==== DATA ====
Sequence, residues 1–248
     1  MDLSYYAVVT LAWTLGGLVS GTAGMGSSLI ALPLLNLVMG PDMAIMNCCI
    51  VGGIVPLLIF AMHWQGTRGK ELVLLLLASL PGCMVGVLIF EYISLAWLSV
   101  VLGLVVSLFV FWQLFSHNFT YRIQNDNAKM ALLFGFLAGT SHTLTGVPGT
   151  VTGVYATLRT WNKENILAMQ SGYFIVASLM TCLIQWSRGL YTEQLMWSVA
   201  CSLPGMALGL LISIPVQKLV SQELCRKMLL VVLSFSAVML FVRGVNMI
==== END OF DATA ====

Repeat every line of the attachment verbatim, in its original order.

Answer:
Sequence, residues 1–248
     1  MDLSYYAVVT LAWTLGGLVS GTAGMGSSLI ALPLLNLVMG PDMAIMNCCI
    51  VGGIVPLLIF AMHWQGTRGK ELVLLLLASL PGCMVGVLIF EYISLAWLSV
   101  VLGLVVSLFV FWQLFSHNFT YRIQNDNAKM ALLFGFLAGT SHTLTGVPGT
   151  VTGVYATLRT WNKENILAMQ SGYFIVASLM TCLIQWSRGL YTEQLMWSVA
   201  CSLPGMALGL LISIPVQKLV SQELCRKMLL VVLSFSAVML FVRGVNMI